Though the film was produced by Disney’s historic rival Warner Bros., Bird managed to slip in cameos from two of the studio’s greatest animators. The train workers Kent interviews at the train crash scene are voiced by and modeled after Frank Thomas and Ollie Johnston, two of Bird’s mentors during his early years at Disney. They also make an appearance at the end of The Incredibles.

10. IT GAINED A CULT FOLLOWING AFTER IT LEFT THEATERS. 

By the time Warner Bros. realized they had something special on their hands with The Iron Giant, it already was too late. The film was criminally under-marketed and performed poorly at the box office as a result. The studio had learned its lesson when it came time to promote the movie’s home video release. They partnered with big-name brands like General Motors, Honey Nut Cheerios, and AOL, and even distributed $2 off coupons at screenings of Pokémon: The First Movie. Then in 2000, the rights to the film were sold to Cartoon Network and TNT. Cartoon Network started airing Iron Giant marathons on Independence Day and Thanksgiving, and as more children (and adults) were introduced to the film it eventually gained a devoted fanbase.

13 Great Rockumentaries Every Music (and Movie) Fan Should See

The Criterion Collection
The Criterion Collection

More people are watching documentaries these days, which likely means that more people are rocking their faces off with nonfiction. Far from Ken Burns’s soothing tones, these music-filled films demand amplification and an unseemly amount of perspiration.

Rock documentaries are tricky beasts. Though they often have the built-in advantage of following around famous people, they aren’t immune to boredom and eye-rolling faux depth. Keeping it simple by showcasing the music can be good, but it’s no way to be great. The best of the best manage to deliver a stellar soundscape, offer a backstage pass to the real humans who make it, and hold our ears even if we aren’t already devoted fans. If a little history gets made in the process, even better.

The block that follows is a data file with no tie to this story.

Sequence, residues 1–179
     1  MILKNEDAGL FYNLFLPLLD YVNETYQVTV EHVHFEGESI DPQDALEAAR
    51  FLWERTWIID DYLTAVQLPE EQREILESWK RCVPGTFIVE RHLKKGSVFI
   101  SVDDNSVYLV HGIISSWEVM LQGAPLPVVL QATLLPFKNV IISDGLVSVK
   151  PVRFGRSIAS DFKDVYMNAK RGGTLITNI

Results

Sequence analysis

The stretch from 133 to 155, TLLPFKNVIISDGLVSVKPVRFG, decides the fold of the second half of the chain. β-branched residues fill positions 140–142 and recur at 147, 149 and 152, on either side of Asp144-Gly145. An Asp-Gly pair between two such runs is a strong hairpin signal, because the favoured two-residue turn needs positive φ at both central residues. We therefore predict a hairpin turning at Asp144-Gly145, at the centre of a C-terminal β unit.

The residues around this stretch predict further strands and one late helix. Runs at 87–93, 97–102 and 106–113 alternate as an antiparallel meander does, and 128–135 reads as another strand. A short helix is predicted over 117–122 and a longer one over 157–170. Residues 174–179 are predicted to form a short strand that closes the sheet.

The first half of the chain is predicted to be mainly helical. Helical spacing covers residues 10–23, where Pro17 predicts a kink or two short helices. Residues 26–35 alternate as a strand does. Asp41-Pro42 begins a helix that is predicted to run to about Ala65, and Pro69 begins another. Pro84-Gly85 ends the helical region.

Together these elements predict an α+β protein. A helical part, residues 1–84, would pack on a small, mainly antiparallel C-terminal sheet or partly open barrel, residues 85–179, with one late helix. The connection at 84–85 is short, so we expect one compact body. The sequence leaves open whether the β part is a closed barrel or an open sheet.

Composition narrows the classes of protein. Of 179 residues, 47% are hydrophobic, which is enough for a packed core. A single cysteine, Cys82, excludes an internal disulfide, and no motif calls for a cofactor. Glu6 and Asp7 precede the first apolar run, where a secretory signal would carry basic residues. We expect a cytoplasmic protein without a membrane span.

Grab a seat next to Penny Lane on the bus. Here are 13 of the best documentaries that every music—and film—fan should add to their Must Watch list.

1. WHAT’S HAPPENING! THE BEATLES IN THE U.S.A. (1964)

A singular piece of filmmaking where nonfiction talent met transcendent musical genius on the threshold of gargantuan stardom, this is the best Beatles documentary ever produced. Directed by legendary documentarians Albert and David Maysles, the film captures the band’s first frivolous jaunt through America, where they raised the screaming decibel level in The Ed Sullivan Show theater and goofed off in hotel rooms. It’s an explosion of youth before they changed music forever.

2. DON’T LOOK BACK (1967)

Another marriage of style, skill, and subject, Don't Look Back helped shape how the rockumentary genre could provide insights into the people who shape our popular culture. That so many iconic moments emerged from D.A. Pennebaker’s watershed work, which strolled with Bob Dylan through England in 1965, is a testament to the legendary musician's infinite magnetism. The cue cards, singing with Joan Baez in a hotel room on the edge of breaking up, the Mississippi voter registration rally, and on and on. Since it portrayed fame’s effect on the artist, the art, and the audience, most every other rock doc has been chasing its brilliance.